These programs help lead you through and it's a good way to learn.  I would add that another really great reason to do your own is so that you can understand the math that goes into figuring deductions, credits, and taxable income.  This can make you more forward-thinking with your tax strategy.

For instance, there are advantages to staying in the 15% tax bracket (taxable income of 74.9K for a married couple), such as no long term capital gains taxes, in addition to lower ordinary income rates.  Doing your own enables you to strategize where you're at, throughout the year and modify deductions to stay in this sweet spot.  I've even opened up hypothetical tax returns in my TurboTax software to model different scenarios to see how the numbers flow through.

It will also give you more confidence.  College financial aid, multiple income tax credits, and health care subsidies are all calculated based on certain lines of your tax return.  Once you understand this, you will feel like you have more control over your life and your financial freedom.

I am a CPA, and I can honestly say that the companies I have worked for have been lucky recipients of random audits and dispute letters from the IRS -- often it has to do with a shortage of resources on their side and they just need further clarification of an issue.  While I understand the anxiety, I would say that as long as you file your returns and don't do anything purposefully shady to underreport income, you'll be fine.  They understand that people make mistakes and you have opportunities to correct them.

AlwaysLearningToSave

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Re: Do you do your own taxes?
« Reply #28 on: December 23, 2015, 03:20:32 PM »
By hand. Cannot recommend it enough to anyone with an interest in tax optimization, which should be every one who reads this. Start when you're young and it's easy, by the time complicated life scenarios roll around, it will be a lot more comfortable from the experience gained in the previous years.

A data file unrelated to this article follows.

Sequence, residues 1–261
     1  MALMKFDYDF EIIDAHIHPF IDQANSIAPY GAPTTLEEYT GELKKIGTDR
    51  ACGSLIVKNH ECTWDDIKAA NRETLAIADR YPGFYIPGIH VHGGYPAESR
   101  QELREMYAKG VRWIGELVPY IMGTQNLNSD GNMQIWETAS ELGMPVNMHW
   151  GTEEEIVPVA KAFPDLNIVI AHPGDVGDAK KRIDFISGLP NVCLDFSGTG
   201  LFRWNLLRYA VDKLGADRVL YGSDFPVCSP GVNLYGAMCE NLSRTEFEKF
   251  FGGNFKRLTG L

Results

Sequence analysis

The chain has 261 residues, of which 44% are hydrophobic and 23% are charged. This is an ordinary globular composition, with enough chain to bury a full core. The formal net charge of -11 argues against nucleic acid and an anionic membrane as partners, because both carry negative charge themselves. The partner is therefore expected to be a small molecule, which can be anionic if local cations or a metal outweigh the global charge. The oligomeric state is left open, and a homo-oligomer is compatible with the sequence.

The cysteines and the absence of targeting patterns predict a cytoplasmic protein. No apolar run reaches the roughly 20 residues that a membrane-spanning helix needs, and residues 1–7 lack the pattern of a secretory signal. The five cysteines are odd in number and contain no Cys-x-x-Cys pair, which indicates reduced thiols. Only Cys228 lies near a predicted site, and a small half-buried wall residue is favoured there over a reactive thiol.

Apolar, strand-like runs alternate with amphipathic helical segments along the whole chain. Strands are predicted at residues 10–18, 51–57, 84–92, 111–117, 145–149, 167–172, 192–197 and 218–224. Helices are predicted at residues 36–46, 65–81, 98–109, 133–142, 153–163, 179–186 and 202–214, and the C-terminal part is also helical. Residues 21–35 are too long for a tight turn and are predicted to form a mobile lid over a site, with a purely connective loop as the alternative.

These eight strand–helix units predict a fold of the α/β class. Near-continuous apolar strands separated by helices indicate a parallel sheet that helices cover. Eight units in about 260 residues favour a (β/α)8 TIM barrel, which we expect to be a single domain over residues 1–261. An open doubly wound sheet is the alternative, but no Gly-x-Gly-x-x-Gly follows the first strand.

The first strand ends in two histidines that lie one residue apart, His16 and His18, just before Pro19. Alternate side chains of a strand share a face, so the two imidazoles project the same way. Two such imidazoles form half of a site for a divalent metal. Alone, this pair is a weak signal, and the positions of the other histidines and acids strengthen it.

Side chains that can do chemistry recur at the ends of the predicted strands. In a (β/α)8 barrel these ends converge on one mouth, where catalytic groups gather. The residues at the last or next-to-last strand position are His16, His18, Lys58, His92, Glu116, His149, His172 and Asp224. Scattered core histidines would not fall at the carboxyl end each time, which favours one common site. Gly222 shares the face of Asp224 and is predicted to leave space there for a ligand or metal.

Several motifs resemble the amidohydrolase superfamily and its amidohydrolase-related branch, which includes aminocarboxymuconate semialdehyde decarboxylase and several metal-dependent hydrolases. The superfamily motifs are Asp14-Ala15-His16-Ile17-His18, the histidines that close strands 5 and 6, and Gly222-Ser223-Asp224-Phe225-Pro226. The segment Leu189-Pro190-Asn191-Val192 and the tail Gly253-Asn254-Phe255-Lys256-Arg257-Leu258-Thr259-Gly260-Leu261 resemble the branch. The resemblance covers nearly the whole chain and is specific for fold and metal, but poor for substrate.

Using turbotax is not "doing your taxes yourself".
+1

With the qualifier that building your own spreadsheet to do the math still qualifies as "by hand." :)

E.g., see http://forum.mrmoneymustache.com/ask-a-mustachian/turbo-tax-vs-cpa/ and http://forum.mrmoneymustache.com/taxes/best-way-to-calculate-w-4-exemptions-for-2016/.

I agree. But I would also like to say, using someone else's spreadsheet counts as using turbotax ;)

As the person who built my own spreadsheet under MDM's tutelage in the second thread MDM linked, I absolutely recommend doing it yourself by building your own spreadsheet.  I am not super spreadsheet-savvy, but creating the spreadsheet forced me to deeply understand how the 1040 works.  Plus, now I have my own handy tool for testing how different assumptions affect my tax liability.  Then, take it one step further and do payroll calculations. 

onlykelsey

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Re: Do you do your own taxes?
« Reply #29 on: December 23, 2015, 03:25:14 PM »
I started paying someone ($300/year, if anyone's curious, including impromptu occasional "what about this???" calls) two years ago.  This may be nonsensical, but since I'm a lawyer, I feel like the IRS would be less willing to accept the excuse that I accidentally messed something up or missed an item.

Honestly, I sort of love it.  He also provides me with a yearly writeup about my effective tax rate, whether I almost got hit with AMT, etc. 

Frugalman19

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Re: Do you do your own taxes?
« Reply #30 on: December 24, 2015, 08:03:41 AM »
Fair warning I do taxes for a living,

I will say if your tax situation is simple, doing your taxes yourself is the way to go, there are free sites connected to the IRS website that will walk you through simply putting in a w-2.